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Vintage Lingerie: Historical Patterns and Techniques Paperback – August 1, 2011

30 customer reviews

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Editorial Reviews

About the Author

Jill Salen is a freelance costume maker, and is widely employed in the theatrical costume industry. She has made costumes for many clients, including The Globe theatre. She is a lecturer in costume on the BA (Hons) theatre design course at the Royal Welsh College of Music and Drama in Cardiff. Jill is the author of Corsets, also published by Batsford. Jill lives in Cardiff.

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Product Details

  • Paperback: 128 pages
  • Publisher: B.T. Batsford (August 1, 2011)
  • Language: English
  • ISBN-10: 1849940053
  • ISBN-13: 978-1849940054
  • Product Dimensions: 9 x 0.4 x 11 inches
  • Shipping Weight: 1.3 pounds
  • Average Customer Review: 4.2 out of 5 stars  See all reviews (30 customer reviews)
  • Amazon Best Sellers Rank: #1,206,197 in Books (See Top 100 in Books)

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Customer Reviews

Most Helpful Customer Reviews

44 of 45 people found the following review helpful By Duneb on December 19, 2011
Format: Paperback
I bought this hoping to find some good patterns and directions to make vintage inspired lingerie like tap pants, garter belts, and chemises. While the photos are lovely, the patterns are not for the home sewer. The information about sizes is nearly nonexistent, and you will have to scale the patterns up as well as in all probability make at least 2 muslins (one to see how big the pattern is, and then the other to your measurements!) Personally, I consider this way too much work to obtain basic undergarments (and this is coming from someone who has scaled up period patterns before)! This would be best for people interested in textile history and theater, but I am thinking even for those people, it would not have quite enough historical information since the descriptions are pretty brief. The garments are also on the more unusual side- many are maternity, others are styles which were made on the cusp of fashion changes, and so on. I don't see many people wanting to make a maternity girdle!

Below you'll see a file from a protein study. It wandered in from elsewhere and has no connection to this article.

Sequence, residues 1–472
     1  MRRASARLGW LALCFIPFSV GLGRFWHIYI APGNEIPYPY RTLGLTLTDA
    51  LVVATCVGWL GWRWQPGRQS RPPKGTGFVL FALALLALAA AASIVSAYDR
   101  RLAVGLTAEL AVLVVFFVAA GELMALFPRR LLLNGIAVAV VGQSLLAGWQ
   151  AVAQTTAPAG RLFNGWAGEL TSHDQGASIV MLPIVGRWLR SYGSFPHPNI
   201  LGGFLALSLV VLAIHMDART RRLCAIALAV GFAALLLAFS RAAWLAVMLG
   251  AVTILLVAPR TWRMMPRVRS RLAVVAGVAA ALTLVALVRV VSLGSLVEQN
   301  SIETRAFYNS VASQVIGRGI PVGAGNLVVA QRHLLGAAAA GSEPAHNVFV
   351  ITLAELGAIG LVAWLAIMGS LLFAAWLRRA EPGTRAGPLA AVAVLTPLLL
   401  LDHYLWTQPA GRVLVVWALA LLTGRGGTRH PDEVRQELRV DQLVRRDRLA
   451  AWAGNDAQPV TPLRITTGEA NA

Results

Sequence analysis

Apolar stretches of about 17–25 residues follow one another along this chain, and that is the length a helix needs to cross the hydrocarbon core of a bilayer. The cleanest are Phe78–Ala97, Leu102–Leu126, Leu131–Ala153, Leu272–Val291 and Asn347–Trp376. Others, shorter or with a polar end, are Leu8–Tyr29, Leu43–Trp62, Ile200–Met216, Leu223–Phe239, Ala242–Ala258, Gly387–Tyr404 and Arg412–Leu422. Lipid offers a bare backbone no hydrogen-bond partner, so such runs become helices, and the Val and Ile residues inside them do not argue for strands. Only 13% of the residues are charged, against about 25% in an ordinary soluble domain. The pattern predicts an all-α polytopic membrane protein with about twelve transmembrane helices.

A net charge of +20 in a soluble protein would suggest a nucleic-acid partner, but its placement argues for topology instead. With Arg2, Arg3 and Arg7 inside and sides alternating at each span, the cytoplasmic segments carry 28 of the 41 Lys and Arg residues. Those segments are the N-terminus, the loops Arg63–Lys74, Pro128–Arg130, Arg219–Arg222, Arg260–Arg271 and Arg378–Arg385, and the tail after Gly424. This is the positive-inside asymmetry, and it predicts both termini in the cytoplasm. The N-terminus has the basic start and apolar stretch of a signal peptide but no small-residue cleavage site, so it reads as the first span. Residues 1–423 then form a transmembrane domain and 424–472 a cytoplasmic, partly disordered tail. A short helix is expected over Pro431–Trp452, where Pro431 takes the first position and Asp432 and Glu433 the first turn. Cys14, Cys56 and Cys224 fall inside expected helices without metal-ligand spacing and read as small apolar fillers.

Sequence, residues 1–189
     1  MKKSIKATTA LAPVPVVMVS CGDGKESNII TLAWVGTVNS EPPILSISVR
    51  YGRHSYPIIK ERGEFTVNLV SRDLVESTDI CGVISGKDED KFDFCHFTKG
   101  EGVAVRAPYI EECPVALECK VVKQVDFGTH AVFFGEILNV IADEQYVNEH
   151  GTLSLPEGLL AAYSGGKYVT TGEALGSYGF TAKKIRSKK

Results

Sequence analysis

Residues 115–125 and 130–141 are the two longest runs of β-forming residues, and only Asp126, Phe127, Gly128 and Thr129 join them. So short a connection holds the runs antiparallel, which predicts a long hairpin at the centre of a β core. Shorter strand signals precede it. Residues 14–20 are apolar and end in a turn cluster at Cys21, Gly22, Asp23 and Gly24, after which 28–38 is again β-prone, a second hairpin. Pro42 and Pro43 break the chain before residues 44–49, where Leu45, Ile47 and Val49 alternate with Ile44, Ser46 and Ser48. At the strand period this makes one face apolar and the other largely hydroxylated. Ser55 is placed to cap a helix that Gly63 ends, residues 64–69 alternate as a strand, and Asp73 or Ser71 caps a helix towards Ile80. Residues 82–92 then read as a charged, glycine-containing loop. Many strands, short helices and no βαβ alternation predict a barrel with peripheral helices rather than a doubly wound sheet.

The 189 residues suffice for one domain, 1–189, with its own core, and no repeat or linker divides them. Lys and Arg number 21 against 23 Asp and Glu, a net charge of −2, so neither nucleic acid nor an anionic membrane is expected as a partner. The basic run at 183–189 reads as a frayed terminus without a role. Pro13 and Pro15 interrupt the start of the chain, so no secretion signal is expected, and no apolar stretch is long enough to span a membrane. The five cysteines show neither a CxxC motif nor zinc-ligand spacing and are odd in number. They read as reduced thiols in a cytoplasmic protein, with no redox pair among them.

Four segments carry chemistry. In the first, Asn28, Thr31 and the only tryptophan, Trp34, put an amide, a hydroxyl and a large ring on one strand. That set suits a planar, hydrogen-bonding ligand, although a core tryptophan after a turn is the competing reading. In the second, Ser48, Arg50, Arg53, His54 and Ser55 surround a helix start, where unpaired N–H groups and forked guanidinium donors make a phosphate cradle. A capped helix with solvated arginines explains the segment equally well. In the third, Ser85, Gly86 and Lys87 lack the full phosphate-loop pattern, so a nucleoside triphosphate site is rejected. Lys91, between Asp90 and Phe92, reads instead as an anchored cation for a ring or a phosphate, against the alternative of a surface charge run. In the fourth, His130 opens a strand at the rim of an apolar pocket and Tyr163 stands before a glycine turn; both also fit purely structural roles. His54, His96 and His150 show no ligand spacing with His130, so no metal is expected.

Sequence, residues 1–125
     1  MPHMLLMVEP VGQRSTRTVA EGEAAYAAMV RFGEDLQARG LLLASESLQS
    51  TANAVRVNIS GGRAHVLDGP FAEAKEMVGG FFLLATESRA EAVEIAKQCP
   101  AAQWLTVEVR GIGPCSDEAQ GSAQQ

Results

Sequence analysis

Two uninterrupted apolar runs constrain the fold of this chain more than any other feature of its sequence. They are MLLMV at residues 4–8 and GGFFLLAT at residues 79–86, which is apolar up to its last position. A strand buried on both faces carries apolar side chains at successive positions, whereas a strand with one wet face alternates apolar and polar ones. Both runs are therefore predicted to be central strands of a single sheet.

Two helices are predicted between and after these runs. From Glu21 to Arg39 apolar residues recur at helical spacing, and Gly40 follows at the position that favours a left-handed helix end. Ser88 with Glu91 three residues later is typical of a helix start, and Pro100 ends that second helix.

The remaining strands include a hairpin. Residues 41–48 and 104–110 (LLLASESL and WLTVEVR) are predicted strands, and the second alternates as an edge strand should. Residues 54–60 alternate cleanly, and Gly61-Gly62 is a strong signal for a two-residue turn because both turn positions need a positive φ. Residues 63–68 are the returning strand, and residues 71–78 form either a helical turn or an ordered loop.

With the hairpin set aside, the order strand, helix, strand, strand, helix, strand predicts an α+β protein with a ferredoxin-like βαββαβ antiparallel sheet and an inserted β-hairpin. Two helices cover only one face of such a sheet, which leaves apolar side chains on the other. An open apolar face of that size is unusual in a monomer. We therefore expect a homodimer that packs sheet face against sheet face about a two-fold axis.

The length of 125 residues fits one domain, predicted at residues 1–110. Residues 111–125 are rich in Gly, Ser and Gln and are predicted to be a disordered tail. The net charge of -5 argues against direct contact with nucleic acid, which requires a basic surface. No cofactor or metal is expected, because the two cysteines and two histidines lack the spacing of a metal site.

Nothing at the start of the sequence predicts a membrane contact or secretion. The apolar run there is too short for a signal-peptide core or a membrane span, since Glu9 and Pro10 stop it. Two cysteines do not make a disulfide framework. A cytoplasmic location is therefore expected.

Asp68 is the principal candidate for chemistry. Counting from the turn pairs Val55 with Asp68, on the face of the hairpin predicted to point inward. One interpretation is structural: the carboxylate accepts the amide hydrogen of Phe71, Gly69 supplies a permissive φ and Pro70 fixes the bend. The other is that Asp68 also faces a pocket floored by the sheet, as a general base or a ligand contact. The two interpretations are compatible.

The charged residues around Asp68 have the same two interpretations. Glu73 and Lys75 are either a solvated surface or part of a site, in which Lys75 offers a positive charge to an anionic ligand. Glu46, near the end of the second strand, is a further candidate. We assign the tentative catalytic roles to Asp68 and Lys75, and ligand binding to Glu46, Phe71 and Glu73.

I was also disappointed that the 'sewing techniques' were basic instructions that you would find in any good sewing book (and even the ones in this book are so brief they assume you know some construction already). The 3-4 "simple" projects in the back were a bit of a let down, with the exception of the 1906 petticoat which I think would actually make a lovely (non-lingerie) skirt made in garment fabric as well. (The others were a very basic bralette and something else I've forgotten already).

For the home sewer interested in reproducing vintage lingerie, I do NOT recommend this book for patterns and technique. The pictures may be interesting for home sewers and artists because some of the decorative detail is wonderful, but check it out of your library first to check before you buy. I've given it 3 stars because it's probably a good start on (but still of possibly limited usefullness) period lingerie resources for theater folks and historians.
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22 of 22 people found the following review helpful By Donna on January 26, 2013
Format: Hardcover Verified Purchase